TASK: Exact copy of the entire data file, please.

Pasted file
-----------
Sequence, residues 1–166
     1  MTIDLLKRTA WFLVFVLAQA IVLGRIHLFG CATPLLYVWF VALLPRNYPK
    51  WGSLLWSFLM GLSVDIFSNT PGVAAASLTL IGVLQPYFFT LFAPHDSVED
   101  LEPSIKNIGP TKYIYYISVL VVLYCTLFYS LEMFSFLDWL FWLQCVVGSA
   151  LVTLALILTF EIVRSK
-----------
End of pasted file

Sequence, residues 1–166
     1  MTIDLLKRTA WFLVFVLAQA IVLGRIHLFG CATPLLYVWF VALLPRNYPK
    51  WGSLLWSFLM GLSVDIFSNT PGVAAASLTL IGVLQPYFFT LFAPHDSVED
   101  LEPSIKNIGP TKYIYYISVL VVLYCTLFYS LEMFSFLDWL FWLQCVVGSA
   151  LVTLALILTF EIVRSK